My biggest issue with Sex Education, though, is Adam Groff (Connor Swindells). Specifically, his relationship with Ncuti Gatwa’s Eric. His performance is great but the ‘homophobic bully turns out to be queer’ trope is overused and harmful. It’s harmful enough on its own, but Sex Education takes it to the next level by having Eric and his bully fall in love. It’s as though Eric has Stockholm syndrome and has fallen for his abuser. And season 3 doubles down on this trope, having the two begin the series in a relationship and much more openly. Adam admits to being “a bit of a puff” in school, but still can’t tell his mother. Adam could have had a great redemption arc across the show if he’d have just realised that homophobia is bad and trying to make amends with those he has hurt rather. I also think exploring Adam’s bisexuality a little more would’ve been beneficial. It’s as though any interest he had in women in seasons 1 and 2 is totally gone here, which was a little disappointing. The writers do their best to redeem Adam and show us that he’s changed, particularly when he’s stuck next to Raheem on a coach trip to France which ends with the show trying to replicate the classic and iconic “it’s my vagina” moment from its first season, but it never quite feels like Adam deserves Eric.

All of the performances this season are brilliant. Ncuti Gatwa’s performance dealing with the complexities of his relationship with Swindells’ Adam is done very well, the two have an intimate personal relationship and Swindell does a wonderful job of opening up as Adam for us more and more each episode. As Eric Effiong, Otis’ best friend, Gatwa balances the comedy and the very serious issues perfectly in a charming performance. In one episode, Eric goes to Nigeria for a family wedding, and it is a fantastic exploration being queer and black in a religious Nigerian family in a country where it is illegal to be gay and Gatwa does it flawlessly. Mimi Keene is given much more to do as Ruby and she becomes much more than the ‘untouchable’ she has been limited to thus far. BAFTA winner Aimee Lee Wood returns as everyone’s favourite Aimee and is back to her usual charming and hilarious self, who now drives, although not very well. Butterfield and Mackey make compelling characters who are growing as people as each episode passes. While sometimes the comedy does seem a little lazier than previously; a lot seems to be relying on toilet humour and fart jokes, Sex Education still knows how to make us laugh. A lot. And I’m elated to report: there is MUCH more of Madam Groff!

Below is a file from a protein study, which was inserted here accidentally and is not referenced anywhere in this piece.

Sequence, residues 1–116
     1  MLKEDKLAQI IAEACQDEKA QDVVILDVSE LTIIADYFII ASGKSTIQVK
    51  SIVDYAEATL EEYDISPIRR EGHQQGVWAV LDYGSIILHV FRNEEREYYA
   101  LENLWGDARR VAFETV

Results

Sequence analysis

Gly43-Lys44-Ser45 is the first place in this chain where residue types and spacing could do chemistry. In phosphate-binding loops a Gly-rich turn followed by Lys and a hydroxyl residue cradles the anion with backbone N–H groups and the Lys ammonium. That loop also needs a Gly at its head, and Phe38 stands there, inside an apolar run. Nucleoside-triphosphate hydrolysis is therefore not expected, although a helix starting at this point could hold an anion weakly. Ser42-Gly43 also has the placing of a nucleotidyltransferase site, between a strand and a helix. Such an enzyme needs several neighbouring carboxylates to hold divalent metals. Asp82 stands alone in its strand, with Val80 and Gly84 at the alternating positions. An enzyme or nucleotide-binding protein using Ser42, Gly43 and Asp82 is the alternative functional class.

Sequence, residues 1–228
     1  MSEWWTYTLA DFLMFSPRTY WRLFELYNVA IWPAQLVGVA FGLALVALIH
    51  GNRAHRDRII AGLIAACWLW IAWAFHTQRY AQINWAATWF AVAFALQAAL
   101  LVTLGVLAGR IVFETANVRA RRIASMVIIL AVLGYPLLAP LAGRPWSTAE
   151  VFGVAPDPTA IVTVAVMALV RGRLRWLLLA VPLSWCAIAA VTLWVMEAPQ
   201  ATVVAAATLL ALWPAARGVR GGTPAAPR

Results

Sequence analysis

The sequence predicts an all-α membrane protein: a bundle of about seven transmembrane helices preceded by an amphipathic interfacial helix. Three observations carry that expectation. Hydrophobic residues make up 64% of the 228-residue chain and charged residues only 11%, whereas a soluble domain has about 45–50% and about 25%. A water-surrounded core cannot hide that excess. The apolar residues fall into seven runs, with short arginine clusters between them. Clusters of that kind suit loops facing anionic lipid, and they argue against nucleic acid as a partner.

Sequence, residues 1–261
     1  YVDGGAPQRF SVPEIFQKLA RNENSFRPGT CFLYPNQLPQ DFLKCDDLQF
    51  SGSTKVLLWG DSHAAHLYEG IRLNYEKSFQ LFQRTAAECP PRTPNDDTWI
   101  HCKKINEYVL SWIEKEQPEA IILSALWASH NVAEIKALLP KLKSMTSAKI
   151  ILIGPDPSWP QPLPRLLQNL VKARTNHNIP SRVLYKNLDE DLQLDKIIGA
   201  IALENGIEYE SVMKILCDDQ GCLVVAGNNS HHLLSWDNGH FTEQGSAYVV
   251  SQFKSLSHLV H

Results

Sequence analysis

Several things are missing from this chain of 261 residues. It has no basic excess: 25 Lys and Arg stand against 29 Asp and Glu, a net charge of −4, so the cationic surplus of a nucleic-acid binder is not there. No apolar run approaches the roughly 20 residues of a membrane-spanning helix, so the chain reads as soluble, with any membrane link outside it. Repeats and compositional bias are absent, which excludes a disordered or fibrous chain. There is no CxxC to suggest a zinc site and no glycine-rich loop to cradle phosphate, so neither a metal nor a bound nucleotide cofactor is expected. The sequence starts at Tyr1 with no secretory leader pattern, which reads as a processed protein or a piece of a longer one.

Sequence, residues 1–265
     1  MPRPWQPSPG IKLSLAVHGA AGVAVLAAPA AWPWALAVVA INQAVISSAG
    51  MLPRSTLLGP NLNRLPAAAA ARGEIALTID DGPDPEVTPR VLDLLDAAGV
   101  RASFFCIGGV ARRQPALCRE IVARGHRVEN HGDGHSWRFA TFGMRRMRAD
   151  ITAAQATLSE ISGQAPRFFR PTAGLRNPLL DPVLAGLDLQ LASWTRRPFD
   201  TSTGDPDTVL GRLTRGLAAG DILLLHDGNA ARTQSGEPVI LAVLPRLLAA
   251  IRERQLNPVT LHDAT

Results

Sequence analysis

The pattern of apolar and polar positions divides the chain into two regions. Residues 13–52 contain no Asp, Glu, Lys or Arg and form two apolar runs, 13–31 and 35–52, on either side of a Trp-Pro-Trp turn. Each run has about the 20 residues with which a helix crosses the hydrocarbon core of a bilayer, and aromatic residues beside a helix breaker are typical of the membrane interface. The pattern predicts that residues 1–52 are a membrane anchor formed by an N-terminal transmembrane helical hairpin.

So, strap in and get ready to dive into the hilarious and heart-warming world of Sex Education once more with its third season which is a conclusive hit! No show is tackling real social issues as well as this, it handles the most sensitive topics seemingly with ease. It’s a funny, NSFW, unique, inclusive look at love, sex, and being a British teenager. 

Make sure to stream Sex Education, exclusively on Netflix from September 17th.